Thread: intersection of finitely generated groups

1. intersection of finitely generated groups

Hi! We have a free group F and two finitely generated subgroups G and H. I want to show that their intersection is also finitely generated. The hint is to consider two graphs whose fundamental groups are G and H respectively. Then with these two graphs one can construct a graph whose fundamental group is exactly the intersection of G and H.

Can anybody help me with this? I am completely stuck.

nice greetings
banach

2. What do you know already? Do you know about immersions (maps from a graph to another graph where the induced maps between edges starting at a given vertices is injective)?

Basically, as your subgroups are finitely generated they correspond to immersions. Pullbacks of immersions correspond to intersections, and so construct the pullback of the two given immersions (and draw the diagram!). This pullback is a finite graph, and a component of it corresponds to your intersection. This gives you an immersion, and so a finite basis of your intersection has been found.

I would say more, but I don't know what you already know...however, I think what I've said should be hint enough - it is quite a deep theorem so really you should know what a pullback etc. is if you're to tackle it...

3. Thanks for your answer but i unfortunately i am not familiar with these terms. However, i think i know how to work it out now:
Wlog we may assume that $\displaystyle F=F(a,b)$. Let $\displaystyle \Gamma_1$ and $\displaystyle \Gamma_2$ the associated graphs of G and H. Define the graph $\displaystyle \Gamma$ by $\displaystyle V(\Gamma):=V(\Gamma_1) \times V(\Gamma_2)$ and there is an edge between (a,x) and (b,y) iff there are edges from a to b in $\displaystyle \Gamma_1$ and x to y in $\displaystyle \Gamma_2$ having the same label. Since G and H are f.g. the graphs $\displaystyle \Gamma_1$ and $\displaystyle \Gamma_2$ are finite graphs, thus $\displaystyle \Gamma$ is also a finite graph whose fundamental group is $\displaystyle G \cap H$. Hence the intersection is f.g., qed.
What do you think of that proof?

Greetings
Banach

4. Originally Posted by Banach
Thanks for your answer but i unfortunately i am not familiar with these terms. However, i think i know how to work it out now:
Wlog we may assume that $\displaystyle F=F(a,b)$. Let $\displaystyle \Gamma_1$ and $\displaystyle \Gamma_2$ the associated graphs of G and H. Define the graph $\displaystyle \Gamma$ by $\displaystyle V(\Gamma):=V(\Gamma_1) \times V(\Gamma_2)$ and there is an edge between (a,x) and (b,y) iff there are edges from a to b in $\displaystyle \Gamma_1$ and x to y in $\displaystyle \Gamma_2$ having the same label. Since G and H are f.g. the graphs $\displaystyle \Gamma_1$ and $\displaystyle \Gamma_2$ are finite graphs, thus $\displaystyle \Gamma$ is also a finite graph whose fundamental group is $\displaystyle G \cap H$. Hence the intersection is f.g., qed.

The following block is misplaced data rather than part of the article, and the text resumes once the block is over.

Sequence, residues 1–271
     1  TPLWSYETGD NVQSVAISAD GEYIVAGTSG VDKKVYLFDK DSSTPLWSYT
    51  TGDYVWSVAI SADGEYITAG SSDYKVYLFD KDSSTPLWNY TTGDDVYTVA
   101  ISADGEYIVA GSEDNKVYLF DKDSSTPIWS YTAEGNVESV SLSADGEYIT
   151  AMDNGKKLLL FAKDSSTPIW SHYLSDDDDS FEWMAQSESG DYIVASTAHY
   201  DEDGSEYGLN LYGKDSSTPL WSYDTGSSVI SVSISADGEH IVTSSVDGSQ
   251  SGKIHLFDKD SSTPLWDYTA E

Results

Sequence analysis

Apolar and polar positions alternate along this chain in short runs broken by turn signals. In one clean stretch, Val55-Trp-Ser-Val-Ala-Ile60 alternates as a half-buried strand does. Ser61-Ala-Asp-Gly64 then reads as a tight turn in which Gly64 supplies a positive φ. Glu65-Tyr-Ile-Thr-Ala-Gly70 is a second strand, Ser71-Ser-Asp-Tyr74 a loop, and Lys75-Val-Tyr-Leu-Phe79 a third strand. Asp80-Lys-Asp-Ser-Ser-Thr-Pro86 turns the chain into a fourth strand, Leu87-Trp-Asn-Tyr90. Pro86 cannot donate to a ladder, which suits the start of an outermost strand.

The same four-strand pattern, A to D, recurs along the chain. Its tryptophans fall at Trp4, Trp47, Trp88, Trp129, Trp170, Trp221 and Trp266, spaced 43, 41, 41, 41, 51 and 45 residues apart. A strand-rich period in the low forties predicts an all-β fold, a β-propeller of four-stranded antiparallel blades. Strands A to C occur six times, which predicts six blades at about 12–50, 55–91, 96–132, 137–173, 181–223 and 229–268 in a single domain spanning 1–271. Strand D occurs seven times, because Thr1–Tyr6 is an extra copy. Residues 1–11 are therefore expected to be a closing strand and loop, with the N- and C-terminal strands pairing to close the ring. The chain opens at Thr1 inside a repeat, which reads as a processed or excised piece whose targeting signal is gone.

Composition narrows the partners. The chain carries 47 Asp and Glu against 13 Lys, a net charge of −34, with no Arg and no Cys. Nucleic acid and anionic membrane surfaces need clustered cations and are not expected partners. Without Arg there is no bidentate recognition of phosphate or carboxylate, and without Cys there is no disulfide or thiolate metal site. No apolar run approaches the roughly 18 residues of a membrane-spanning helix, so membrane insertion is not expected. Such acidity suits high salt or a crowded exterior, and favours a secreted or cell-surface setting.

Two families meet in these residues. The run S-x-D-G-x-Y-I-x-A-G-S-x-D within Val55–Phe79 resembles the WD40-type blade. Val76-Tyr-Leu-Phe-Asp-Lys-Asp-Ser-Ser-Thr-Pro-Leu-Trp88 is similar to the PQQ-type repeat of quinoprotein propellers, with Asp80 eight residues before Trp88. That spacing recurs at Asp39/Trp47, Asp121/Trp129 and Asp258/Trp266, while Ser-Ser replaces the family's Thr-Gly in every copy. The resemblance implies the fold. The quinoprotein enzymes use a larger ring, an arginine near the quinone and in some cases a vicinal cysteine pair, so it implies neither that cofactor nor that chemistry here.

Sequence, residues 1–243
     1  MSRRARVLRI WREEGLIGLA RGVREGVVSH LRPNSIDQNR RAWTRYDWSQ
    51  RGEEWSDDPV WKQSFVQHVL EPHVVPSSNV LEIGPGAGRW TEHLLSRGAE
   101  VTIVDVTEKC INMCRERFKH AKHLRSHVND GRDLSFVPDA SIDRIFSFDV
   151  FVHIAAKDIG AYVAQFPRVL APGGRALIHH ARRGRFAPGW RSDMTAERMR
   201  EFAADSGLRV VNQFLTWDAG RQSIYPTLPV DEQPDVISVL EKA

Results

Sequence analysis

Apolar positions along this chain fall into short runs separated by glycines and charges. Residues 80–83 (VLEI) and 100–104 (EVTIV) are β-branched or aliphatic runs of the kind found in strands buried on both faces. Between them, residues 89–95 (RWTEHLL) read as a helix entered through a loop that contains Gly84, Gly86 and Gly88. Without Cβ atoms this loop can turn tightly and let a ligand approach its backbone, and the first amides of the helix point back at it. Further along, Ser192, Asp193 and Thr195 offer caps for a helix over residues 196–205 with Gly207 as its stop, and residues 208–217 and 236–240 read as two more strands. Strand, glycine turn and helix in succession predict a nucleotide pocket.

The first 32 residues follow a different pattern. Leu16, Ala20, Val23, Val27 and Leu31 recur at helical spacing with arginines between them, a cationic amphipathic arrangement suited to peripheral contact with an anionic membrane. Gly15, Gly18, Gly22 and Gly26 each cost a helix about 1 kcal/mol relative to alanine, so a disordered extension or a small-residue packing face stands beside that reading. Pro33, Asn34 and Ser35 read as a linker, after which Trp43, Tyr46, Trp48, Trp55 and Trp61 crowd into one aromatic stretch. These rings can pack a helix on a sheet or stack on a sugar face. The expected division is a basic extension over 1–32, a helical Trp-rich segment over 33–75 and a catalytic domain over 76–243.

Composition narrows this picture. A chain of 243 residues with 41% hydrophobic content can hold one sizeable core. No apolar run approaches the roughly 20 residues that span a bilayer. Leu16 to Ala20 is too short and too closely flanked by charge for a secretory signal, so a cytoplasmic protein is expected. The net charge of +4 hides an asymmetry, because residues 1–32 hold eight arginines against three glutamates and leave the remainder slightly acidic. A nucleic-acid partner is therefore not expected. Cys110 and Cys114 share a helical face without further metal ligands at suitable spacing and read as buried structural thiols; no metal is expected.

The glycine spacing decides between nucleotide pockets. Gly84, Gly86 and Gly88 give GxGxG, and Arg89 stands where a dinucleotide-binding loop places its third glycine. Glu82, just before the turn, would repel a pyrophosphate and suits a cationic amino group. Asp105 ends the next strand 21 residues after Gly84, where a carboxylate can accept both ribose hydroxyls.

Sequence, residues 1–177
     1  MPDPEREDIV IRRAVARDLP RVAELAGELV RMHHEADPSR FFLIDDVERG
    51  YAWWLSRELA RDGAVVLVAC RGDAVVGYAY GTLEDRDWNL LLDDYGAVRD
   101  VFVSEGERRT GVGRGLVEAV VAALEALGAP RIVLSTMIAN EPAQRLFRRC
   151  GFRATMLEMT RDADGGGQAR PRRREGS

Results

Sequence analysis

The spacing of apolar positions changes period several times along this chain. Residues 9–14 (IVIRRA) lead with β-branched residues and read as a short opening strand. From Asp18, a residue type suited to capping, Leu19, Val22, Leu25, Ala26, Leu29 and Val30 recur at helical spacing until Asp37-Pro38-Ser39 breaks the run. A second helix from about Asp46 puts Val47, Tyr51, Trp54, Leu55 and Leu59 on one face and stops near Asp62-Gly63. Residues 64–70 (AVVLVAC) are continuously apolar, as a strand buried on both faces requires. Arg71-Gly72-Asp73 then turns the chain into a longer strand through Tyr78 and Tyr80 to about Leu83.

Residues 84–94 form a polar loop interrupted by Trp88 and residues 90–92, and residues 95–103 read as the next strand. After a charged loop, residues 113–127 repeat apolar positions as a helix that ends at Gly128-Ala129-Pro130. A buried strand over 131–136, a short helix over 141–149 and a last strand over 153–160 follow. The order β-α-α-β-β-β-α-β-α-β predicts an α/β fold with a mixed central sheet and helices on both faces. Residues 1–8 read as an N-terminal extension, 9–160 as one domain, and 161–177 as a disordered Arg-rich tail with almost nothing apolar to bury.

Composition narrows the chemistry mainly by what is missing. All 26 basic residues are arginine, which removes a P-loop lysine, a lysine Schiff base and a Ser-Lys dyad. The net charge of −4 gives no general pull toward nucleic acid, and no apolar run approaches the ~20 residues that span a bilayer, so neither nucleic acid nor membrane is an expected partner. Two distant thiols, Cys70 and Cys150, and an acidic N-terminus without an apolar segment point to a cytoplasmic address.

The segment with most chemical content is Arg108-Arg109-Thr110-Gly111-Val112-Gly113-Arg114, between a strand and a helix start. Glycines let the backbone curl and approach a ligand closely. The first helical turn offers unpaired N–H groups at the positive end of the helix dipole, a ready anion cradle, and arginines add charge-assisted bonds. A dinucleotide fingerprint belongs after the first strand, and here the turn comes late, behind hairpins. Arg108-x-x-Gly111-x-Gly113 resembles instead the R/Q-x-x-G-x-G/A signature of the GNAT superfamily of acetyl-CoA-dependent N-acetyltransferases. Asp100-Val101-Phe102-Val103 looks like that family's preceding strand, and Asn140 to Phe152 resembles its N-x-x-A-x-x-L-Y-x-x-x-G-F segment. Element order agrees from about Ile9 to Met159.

What do you think of that proof?

Greetings
Banach
That seems right, and is a much neater way than the way I was thinking of...

5. Originally Posted by Banach
Thanks for your answer but i unfortunately i am not familiar with these terms. However, i think i know how to work it out now:
Wlog we may assume that $\displaystyle F=F(a,b)$. Let $\displaystyle \Gamma_1$ and $\displaystyle \Gamma_2$ the associated graphs of G and H. Define the graph $\displaystyle \Gamma$ by $\displaystyle V(\Gamma):=V(\Gamma_1) \times V(\Gamma_2)$ and there is an edge between (a,x) and (b,y) iff there are edges from a to b in $\displaystyle \Gamma_1$ and x to y in $\displaystyle \Gamma_2$ having the same label. Since G and H are f.g. the graphs $\displaystyle \Gamma_1$ and $\displaystyle \Gamma_2$ are finite graphs, thus $\displaystyle \Gamma$ is also a finite graph whose fundamental group is $\displaystyle G \cap H$. Hence the intersection is f.g., qed.
What do you think of that proof?

Greetings
Banach
Actually, you would need to prove that the fundamental group of this graph is $\displaystyle G \cap H$. I do not think that this is obvious.